By Bob Trebilcock · April 17, 2020
According to Jacob Shapiro, a geopolitical analyst, 90 percent of the businesses with a direct impact to their supply chains as a result of COVID-19 are based in the U.S. At the same time, China enjoys a dominant position, and in some sectors a monopoly, on supply in those global supply chains.
“While the first rule of supply chain resilience is to avoid single sourcing,” says Shapiro, who advises business clients on geopolitical and political risk, “U.S. and European companies have long been attracted by the cheap skilled labor China has to offer.” He adds that “regardless of the ultimate impact or duration of the pandemic, the rapid suppression of global economic activity has shown that overreliance on China as a primary supplier has become an intolerable single point of failure.”
I spoke to Shapiro back on March 31, which seems like a lifetime ago in the course of the pandemic. On that day, there were 185,000 confirmed cases in the U.S. and 3,800 confirmed deaths from the virus. As I write this column two weeks later, there are about 588,300 confirmed cases and 24,480 confirmed deaths. On the 31st, those numbers were staggering; today, April 14th, they are unfathomable.
While this is what we refer to as a Black Swan event, Shapiro was not so much focused on the here and now during our conversation, but on what comes next, which he predicts will be a decoupling of supply chains, and not just a decoupling from China. Moreover, from the perspective of supply chains, he sees COVID-19 as a catalyst, one of those agents you add to a mix to speed up a chemical reaction that was going to take place anyway. “In 2008, a financial bubble popped,” he said. “I think the bubble to pop now is China.”
According to Shapiro, the relationship between the U.S. and China began to change in 2012, when Xi Jingpin became president of the People’s Republic of China. In the ensuing years, the Obama administration imposed tariffs on some Chinese-made products, such as tires, but “in 2014 and 2015, it was a chicken war with the Chinese,” Shapiro said during our call. Meanwhile, companies began to at least explore other options, even if they didn’t fully embrace them, because of rising wages and China’s shrinking cost advantage. “We continued to use them because China remained super-efficient,” Shapiro noted. “Things began to change in 2016, when the United States declared China a strategic rival. Once China saw that on paper, they reacted.” And, of course, a tariff war followed.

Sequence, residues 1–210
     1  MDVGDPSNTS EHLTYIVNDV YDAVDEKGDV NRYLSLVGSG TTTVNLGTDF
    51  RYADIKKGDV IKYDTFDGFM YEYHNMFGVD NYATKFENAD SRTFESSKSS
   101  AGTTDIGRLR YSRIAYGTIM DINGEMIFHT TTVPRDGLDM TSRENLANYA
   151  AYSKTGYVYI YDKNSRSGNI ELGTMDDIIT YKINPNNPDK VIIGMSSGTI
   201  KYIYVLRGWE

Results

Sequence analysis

So, what comes next? Shapiro acknowledges that some, including some friends in the business community, maintain that “China is the next China.” He thinks that’s the wrong question to ask. “To me, that question is thinking about a world that doesn’t exist anymore. It’s a completely new ball game. Changes were already underway, and COVID-19 could be the final nail in the coffin.”
Instead, think of supply chains that will be a lot more localized and regionalized. “What supply chain managers need to think about is not comparative advantage but political risk,” he contended. “It’s not cheap, but efficient and reliable. They should ask how they diversify so they don’t have all of their eggs in one basket. They should also think about how to secure their supply chains from political risk.”
While there has been a lot of talk about bringing production back to America, Shapiro thinks that may be true for critical products, like satellites and vaccines, but probably not for the everyday things we’re used to buying on the cheap. “It’s not going to be about re-shoring to the U.S.,” Shapiro said. “It’s going to be strategically defensible, or reliable, networks.” If you’re operating in the U.S., you may be looking to Mexico and South America. If you’re operating in China, you may be looking in Central Asia. There are budding alliances forming between Japan, Australia and India that may be able reduce the economic dependence on China.
Shapiro’s final advice to supply chain managers: Despite the current challenge of getting supply chains back up and running, focus on the long term. “Don’t just map out your supply chain geographically but politically,” he said. “Ask how could a political squabble, like a trade war or a pandemic, mess up a company’s supply?”
April 17, 2020
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